- Scottish Society Vice Chieftain Richard Wallace wanted a letter explaining why the Air Force Academy rejected the Highland Games, which forced cancellations for the first time in 18 years.
The official explanations of why the United States Air Force Academy rejected this year's 18th Annual Highland Games and Celtic Festival are wildly varied.
Organizers for the festival -- a celebration of Scottish and Celtic heritage -- say the Academy was "extremely discourteous" and want to know why they were not told they could not use the taxpayer-funded facility until it was too late to make other arrangements.
Academy officials variously claim that a change in Air Force policy prohibits the games, that a scheduling conflict exists and that the Highland Games trashed the Academy last year.
Richard Wallace, the Vice Chieftain of the Scottish Society of the Pikes Peak region, said most places in the Colorado Springs area are cost-prohibitive for the nonprofit games, which were held at the White House Ranch at the Garden of the Gods until it eventually outgrew the site.
So Wallace and other organizers were pleased to hold last year's games at the Air Force Academy, which only charged a minimal fee for utility and other minor costs. Last August 23, the Scottish Society sent a letter requesting to use the grounds again this year.
In mid-January, Academy officials called them to say they couldn't use the fields. At that time, the "official" reason was a change in policy that allows only events that directly benefit the Air Force Academy cadets, to be held at the facility said Harv Sims, Chieftain of the Scottish Society.
Unofficially, Sims and Wallace say they were told that the Academy's commanding officer Lt. Gen. Tad Oelstrom was angry because he had been the target of public ridicule over his use of wartime readiness funds to remodel his house, including his kitchen. So, he wanted to close the grounds to outside groups that did not directly benefit cadets.
Mostly, Wallace said he is bothered because the Academy didn't let them know until January -- five months after they made their request -- about the scheduling conflict.
"We were never told something was scheduled," he said. "Had they written us back a letter we would have known this."
The academy adopted the policy last fall -- at the same time an Air Force audit found top Academy brass had inappropriately spent $4.1 million on house remodeling projects.
When asked whether the policy change was designed in retaliation, Tech. Sgt. Joe Napikoski of the AFA events management office said, "I couldn't even speculate on that." He referred additional questions to the public relations office. Neil Talbott, director of public affairs, subsequently called the allegation "ridiculous."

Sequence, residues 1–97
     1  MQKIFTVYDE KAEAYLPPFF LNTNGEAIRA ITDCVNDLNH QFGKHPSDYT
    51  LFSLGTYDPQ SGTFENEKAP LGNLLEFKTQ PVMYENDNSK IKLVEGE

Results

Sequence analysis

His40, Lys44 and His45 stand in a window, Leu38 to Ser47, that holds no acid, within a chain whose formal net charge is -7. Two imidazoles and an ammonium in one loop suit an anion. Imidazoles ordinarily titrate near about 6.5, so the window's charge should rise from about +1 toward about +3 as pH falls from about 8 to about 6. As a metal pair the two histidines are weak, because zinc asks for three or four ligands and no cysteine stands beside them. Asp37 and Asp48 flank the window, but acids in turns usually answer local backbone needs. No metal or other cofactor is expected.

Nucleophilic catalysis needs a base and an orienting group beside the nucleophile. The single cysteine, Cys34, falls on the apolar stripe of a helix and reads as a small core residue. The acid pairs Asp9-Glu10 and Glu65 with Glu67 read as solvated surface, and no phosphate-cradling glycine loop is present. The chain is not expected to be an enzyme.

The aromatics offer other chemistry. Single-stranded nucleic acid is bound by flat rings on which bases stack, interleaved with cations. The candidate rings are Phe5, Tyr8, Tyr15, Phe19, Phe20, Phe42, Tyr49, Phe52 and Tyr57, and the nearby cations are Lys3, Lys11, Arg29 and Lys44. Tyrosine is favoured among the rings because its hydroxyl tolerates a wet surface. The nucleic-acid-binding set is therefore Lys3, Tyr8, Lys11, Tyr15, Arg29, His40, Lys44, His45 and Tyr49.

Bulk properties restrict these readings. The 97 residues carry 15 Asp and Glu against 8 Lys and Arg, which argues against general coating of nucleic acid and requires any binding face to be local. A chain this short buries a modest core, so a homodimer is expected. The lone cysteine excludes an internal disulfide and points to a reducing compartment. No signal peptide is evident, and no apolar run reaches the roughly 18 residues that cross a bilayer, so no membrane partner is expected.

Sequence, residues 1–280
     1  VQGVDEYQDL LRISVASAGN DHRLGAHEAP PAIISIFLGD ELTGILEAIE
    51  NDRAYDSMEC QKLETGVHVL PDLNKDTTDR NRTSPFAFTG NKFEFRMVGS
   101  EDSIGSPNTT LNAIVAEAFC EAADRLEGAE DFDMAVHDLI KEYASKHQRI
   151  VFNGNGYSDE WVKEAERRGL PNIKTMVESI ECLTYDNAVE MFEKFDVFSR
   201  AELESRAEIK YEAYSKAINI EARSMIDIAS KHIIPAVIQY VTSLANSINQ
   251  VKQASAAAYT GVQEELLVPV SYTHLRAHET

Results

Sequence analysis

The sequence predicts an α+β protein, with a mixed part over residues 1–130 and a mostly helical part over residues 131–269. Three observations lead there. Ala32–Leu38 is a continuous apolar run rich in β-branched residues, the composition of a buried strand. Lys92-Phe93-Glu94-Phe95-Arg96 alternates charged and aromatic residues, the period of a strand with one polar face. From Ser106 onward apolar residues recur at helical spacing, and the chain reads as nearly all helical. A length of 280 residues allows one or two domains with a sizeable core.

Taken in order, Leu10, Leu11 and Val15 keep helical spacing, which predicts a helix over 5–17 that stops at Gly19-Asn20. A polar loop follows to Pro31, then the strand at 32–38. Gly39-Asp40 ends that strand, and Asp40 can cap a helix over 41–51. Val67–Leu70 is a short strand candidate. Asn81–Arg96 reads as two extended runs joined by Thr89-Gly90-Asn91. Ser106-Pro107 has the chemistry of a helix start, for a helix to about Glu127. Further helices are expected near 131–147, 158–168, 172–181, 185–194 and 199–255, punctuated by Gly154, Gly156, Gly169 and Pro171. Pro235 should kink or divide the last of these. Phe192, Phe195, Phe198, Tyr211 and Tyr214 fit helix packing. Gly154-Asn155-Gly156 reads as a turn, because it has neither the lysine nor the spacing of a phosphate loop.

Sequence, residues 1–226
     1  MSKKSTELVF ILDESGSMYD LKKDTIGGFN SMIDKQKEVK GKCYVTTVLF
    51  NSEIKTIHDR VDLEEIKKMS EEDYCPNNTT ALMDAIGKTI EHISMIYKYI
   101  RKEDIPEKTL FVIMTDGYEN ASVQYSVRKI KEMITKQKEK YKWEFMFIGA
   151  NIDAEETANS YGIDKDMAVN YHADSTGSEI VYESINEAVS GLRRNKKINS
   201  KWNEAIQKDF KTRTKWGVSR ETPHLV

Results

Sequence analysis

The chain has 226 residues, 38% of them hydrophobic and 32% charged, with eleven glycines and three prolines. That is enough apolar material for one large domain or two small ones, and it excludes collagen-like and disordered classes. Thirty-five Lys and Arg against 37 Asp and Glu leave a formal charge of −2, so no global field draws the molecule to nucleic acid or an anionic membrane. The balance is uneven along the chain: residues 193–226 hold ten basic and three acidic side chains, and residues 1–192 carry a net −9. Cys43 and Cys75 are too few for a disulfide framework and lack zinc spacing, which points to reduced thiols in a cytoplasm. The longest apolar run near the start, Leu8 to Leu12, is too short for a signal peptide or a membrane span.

"This has nothing to do with the kitchen," Talbott said. "I've been knee deep, heck, neck deep in the kitchen (controversy), and one is not connected to the other."
Talbott rattled off a host of other reasons why the Highland Games would not be welcome back.
First, he said, last year's organizers "made no arrangements for traffic, they left trash behind, there were far too many people -- more than they projected -- and they sold merchandise when we told them not to. They damaged our grass fields, and all of those cost the taxpayers to fix."
Talbott said the Air Force did not keep track of the costs of the damage he claimed were incurred, and said that despite the problems, the academy this year tried to find the Highland Games another place to hold its event.
Asked why the Academy would attempt to refer the games to a new place in light of alleged damage and unrecouped cost to taxpayers, Talbott said, "That's a good question. Maybe because we're nice people?"
However, both Sims and Wallace said that they were told in the debriefing immediately after last year's games that they were "one of the cleanest groups" that had used the Academy's grounds.
"[Then-events director] Col. Schulhaus said we were the least impacting event they'd ever had on the field, we did the least damage to the sprinkler system and the grassy areas," Wallace said.
Notably, in an extensive interview, Napikoski didn't mention damage to fields or other problems during last year's Highland Games. Rather, he said, the group could not be accommodated this year because the cadet field training is scheduled during the same days the Highland Games wanted to use the facility.
"We're not here to be open for outside organizations, that's not the mission of our organization," Napikoski said.
This summer, the Academy will host several other community events, including the annual Chili Cookoff, the Front Range Invitational and Pikes Peak Invitational Soccer tournaments and other athletic events. Those groups donate money to the Academy's athletic department.
Wallace said the Scottish Society needs anywhere from 10 to 12 months lead time to organize the games, which forced them to cancel this year's festival.
While it's difficult to determine the economic boon that the festival brings to the Springs, Wallace said last year's event drew 6,000 people from all over the country and as far away as Australia. Organizers expected 8,000 people this year.
"We don't want to go around picking fights; we would love to work with the Academy," Wallace said. "We were told by our out-of-town guests, especially, that they loved the site, and we did not interfere with any activities going on at the Academy that day.
"But my personal opinion is that there are individuals making policy decisions without awareness that this is an open facility, and they think it's their own private country club."